by Elena Tafone
The Bible is full of incredible feats—Jesus turning water to wine, the many loaves and fishes, the resurrection of Lazarus. While not as grand, we’re still surrounded by little wonders every day. Hunches that prove to be true. Moments that seem too perfect to be mere coincidence. Some call them miracles. Others may call them magic. Which are they? And, what’s the difference between the miracles and magic? It’s a question we asked pastors, authors, and even a few magicians.
“Supernatural power lies at the core of both miracles and magic. To distinguish between them, we must answer the question: whose power, whose purpose and whose glory? Consider Aaron and Pharaoh’s magicians. Through Aaron, God performed miracles to redeem His people and declare His name among the nations. The magicians attempted to imitate God’s power to maintain Pharaoh’s standard of living and build their own prestige.”
“When I do magic, I use various elements of psychology, science, optical deception, and physical manipulation to achieve the appearance of breaking the laws of nature. I use natural means to create the appearance of the supernatural. A miracle is a true changing of the natural order. It is a happening that can only take place through the hand of God.”
“Magic and miracles are similar in that they’re both used to describe powerful ways God works anonymously in our lives. And they’re both found right smack dab in the messy parts of life most of us would rather avoid. When we trust what God has in store for us every day, we begin to discover that magic and miracles are everywhere.”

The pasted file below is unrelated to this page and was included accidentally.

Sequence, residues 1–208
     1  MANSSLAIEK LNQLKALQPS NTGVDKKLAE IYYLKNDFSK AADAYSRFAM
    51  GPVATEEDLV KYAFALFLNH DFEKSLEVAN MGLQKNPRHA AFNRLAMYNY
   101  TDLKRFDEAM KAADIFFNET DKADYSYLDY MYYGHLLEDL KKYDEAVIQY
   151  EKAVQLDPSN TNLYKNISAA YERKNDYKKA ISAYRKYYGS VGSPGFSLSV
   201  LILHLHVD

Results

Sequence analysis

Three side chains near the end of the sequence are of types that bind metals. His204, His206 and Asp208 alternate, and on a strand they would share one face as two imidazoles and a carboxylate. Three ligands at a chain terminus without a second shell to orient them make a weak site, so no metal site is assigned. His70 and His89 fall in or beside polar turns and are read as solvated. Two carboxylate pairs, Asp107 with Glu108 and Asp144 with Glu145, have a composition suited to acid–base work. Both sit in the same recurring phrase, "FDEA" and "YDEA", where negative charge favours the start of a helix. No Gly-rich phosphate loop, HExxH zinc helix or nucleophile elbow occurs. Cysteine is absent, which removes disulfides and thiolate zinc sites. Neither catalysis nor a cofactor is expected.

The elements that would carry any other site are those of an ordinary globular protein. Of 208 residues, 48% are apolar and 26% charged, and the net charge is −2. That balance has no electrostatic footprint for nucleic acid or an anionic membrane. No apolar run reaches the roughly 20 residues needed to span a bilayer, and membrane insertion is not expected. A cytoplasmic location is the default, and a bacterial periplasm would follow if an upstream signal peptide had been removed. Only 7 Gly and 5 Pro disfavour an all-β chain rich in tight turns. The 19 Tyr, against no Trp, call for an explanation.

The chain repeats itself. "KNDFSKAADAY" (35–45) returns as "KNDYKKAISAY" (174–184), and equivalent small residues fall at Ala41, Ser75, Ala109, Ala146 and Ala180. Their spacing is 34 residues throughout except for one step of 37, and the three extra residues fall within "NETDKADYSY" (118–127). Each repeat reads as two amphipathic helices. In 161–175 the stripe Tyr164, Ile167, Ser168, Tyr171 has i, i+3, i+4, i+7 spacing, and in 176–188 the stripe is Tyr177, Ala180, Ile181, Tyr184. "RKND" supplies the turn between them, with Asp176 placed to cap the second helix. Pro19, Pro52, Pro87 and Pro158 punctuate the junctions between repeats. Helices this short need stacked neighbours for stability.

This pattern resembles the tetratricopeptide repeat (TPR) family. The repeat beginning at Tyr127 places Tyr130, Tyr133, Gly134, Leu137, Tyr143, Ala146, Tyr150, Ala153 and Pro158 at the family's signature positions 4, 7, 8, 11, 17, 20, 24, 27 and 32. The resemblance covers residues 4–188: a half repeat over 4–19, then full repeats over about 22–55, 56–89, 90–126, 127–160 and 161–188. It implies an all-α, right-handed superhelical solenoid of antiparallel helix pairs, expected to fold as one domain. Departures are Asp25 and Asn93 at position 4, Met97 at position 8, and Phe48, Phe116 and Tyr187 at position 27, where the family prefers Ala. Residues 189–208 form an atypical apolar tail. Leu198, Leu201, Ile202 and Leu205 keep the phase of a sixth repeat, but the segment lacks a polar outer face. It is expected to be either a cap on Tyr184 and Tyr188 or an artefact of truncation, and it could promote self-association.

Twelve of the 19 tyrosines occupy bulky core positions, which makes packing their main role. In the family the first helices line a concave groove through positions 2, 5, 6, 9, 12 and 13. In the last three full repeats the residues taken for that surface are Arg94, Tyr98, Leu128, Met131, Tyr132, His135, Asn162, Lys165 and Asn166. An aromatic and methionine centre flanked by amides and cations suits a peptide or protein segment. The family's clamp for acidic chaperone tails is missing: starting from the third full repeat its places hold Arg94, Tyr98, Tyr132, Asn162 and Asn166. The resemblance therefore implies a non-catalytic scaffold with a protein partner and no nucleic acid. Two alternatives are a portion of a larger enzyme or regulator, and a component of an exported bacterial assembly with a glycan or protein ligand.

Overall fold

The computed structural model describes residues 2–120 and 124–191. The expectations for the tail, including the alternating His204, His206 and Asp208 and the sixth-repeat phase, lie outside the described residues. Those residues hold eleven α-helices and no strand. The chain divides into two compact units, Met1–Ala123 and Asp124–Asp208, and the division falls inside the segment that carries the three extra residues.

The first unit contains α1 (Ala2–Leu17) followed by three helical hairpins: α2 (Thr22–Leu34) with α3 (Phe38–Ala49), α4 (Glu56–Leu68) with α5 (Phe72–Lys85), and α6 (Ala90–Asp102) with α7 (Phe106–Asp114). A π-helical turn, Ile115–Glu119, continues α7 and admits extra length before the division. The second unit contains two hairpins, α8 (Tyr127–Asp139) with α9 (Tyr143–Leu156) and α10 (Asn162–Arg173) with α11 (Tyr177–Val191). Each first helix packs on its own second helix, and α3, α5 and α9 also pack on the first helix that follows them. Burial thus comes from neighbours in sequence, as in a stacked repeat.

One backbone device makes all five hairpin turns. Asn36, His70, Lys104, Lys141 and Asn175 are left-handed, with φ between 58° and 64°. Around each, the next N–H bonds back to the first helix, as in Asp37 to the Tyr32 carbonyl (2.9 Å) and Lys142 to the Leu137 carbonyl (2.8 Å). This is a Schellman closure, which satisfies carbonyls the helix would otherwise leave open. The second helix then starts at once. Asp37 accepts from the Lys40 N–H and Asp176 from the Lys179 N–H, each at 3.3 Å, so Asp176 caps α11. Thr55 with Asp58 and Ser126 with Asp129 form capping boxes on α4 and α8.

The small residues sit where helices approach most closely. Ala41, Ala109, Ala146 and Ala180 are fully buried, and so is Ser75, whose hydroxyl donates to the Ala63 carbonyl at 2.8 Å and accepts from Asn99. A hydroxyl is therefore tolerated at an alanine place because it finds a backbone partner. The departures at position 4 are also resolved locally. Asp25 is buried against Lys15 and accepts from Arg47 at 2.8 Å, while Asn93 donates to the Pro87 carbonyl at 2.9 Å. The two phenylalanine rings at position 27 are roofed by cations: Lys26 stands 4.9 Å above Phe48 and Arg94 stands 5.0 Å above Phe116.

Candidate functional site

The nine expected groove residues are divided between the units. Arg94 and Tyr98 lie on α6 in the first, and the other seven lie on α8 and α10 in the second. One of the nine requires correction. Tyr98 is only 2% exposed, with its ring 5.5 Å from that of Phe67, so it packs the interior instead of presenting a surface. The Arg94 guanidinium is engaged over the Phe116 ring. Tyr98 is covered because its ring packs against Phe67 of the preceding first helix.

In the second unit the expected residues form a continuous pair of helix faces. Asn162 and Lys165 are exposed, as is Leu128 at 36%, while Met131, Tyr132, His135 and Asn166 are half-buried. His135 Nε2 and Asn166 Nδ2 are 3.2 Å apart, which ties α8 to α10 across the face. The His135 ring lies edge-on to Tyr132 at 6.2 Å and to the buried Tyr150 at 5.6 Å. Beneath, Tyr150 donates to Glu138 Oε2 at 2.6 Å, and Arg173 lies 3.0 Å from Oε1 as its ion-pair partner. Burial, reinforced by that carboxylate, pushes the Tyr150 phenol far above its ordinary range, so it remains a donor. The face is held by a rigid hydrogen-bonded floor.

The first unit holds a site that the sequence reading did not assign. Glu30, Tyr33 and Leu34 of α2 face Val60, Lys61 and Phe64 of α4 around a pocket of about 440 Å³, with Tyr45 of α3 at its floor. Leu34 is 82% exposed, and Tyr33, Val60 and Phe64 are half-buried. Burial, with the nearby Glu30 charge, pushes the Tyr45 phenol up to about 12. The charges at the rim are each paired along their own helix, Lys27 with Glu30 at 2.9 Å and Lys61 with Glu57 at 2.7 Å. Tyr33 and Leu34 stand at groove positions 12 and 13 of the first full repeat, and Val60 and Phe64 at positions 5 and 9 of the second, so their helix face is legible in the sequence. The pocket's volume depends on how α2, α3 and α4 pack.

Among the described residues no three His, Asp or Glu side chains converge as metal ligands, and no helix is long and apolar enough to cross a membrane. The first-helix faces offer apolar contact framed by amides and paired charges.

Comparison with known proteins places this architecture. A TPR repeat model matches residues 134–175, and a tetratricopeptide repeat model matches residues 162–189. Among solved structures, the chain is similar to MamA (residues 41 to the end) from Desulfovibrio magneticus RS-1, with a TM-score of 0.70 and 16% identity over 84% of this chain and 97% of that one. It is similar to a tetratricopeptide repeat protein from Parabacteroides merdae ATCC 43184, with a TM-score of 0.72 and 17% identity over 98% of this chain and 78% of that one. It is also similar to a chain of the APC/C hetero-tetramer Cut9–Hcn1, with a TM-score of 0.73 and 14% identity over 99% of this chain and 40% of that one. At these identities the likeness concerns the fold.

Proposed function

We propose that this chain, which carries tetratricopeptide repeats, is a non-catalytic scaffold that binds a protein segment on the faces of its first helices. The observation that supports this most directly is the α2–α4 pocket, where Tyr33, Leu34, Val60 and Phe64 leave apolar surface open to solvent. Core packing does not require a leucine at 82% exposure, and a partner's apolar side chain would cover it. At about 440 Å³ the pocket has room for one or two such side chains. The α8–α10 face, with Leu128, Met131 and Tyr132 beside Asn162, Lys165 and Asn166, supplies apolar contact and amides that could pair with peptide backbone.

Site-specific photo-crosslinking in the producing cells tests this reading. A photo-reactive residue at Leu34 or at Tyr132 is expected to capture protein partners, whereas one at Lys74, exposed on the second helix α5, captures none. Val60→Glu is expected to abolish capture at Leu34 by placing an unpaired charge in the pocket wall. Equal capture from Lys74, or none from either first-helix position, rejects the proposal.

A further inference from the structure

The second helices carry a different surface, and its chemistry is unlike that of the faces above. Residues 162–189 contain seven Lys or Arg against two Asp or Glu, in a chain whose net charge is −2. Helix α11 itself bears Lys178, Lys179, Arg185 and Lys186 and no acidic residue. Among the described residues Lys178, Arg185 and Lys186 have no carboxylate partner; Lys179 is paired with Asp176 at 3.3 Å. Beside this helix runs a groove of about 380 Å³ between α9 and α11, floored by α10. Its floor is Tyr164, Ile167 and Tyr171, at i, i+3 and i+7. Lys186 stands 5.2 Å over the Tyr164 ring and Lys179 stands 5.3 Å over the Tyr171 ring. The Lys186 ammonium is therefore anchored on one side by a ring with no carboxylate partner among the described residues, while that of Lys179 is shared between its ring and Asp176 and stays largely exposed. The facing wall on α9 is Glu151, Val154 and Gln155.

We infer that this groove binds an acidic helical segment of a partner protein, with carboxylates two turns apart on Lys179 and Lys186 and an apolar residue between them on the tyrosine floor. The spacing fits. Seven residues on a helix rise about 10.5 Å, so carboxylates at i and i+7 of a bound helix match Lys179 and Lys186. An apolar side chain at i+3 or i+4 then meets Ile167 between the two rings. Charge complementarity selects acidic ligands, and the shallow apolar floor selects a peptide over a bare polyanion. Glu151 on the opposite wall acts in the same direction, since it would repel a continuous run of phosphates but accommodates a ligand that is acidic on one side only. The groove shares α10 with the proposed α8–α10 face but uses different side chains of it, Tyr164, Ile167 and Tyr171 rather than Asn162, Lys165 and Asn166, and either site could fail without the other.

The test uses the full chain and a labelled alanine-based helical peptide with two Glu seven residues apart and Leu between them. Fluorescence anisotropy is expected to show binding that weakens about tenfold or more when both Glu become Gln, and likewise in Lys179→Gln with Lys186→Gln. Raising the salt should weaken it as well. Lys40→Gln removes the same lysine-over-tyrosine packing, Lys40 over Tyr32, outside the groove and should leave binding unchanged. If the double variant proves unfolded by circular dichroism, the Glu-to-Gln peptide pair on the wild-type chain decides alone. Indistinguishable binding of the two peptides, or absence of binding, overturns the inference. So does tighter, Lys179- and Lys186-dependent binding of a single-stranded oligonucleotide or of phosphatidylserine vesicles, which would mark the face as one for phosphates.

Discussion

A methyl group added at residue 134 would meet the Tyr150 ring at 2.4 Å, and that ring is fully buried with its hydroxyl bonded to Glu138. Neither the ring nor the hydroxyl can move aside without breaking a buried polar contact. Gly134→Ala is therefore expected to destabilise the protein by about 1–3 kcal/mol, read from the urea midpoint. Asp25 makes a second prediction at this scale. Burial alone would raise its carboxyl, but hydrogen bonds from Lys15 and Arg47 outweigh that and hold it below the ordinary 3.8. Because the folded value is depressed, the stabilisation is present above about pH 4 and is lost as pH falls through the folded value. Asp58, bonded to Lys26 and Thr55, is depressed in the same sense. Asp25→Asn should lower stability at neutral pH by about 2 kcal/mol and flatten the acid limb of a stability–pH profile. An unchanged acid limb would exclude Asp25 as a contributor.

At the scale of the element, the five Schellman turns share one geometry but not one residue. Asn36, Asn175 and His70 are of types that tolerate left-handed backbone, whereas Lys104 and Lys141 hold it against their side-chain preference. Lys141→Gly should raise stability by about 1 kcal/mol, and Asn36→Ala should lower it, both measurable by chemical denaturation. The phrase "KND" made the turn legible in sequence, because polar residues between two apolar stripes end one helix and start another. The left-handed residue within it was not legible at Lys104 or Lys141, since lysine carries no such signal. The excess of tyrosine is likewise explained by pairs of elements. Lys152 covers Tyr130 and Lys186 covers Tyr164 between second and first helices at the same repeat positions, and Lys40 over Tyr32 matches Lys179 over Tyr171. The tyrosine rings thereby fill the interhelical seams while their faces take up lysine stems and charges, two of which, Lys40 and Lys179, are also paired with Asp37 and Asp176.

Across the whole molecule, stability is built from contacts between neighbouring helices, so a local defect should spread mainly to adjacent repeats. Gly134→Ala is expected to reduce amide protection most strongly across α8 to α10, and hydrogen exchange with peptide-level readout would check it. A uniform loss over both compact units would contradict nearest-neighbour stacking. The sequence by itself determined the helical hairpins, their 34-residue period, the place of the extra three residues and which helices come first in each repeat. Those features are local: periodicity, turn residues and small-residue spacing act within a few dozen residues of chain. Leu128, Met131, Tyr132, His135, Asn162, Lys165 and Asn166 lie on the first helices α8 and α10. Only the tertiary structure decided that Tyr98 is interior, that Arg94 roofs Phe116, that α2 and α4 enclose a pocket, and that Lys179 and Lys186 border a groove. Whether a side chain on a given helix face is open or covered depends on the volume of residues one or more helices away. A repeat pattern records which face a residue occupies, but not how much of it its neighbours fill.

“Unlike magic, miracles are acts of transcendent power that cannot be controlled by ingenuity or guaranteed by technique or technology. Neither can miracles be provoked by human piety or need. They can only be received as divine gifts with astonishment and gratitude.”
“Magic is entertaining and gives us a sense of wonder, which can sometimes reflect God’s glory. But miracles have a clear purpose. Magic shows the power of the doer, while miracles point toward the power of God. Miracles have more to do with hope, healing, and revealing God’s love.”
“Magic is the intentional effort to have us believe that what we see and experience is real, when it isn’t, while a miracle is the intentional effort to have us believe that what we see and experience is real, when it is.”
“The difference between magic and miracles is the difference between formula and relationship. The difference is a loving heavenly Father. In magic, a person tries to manipulate an outcome. In a miracle, the God who spoke all things into existence speaks a personal word once again, exercising loving authority.”
“Magic and miracles have in common an invitation into mystery—into a realm beyond what we can easily explain or scientifically understand.”
“Professional magicians or illusionists, such as myself, make their living by...well... deceiving. The difference is, no matter how incredible the feat of "magic" we perform, it can be explained by natural means. We could even show you how it's done. We won't, of course, but we could. Magic effects, although I love the beauty of the art, are no match for Miracles. Those aren't about the ‘what,’ but about the ‘who.’ For Jesus replied, ‘What is impossible with man is possible with God.’”
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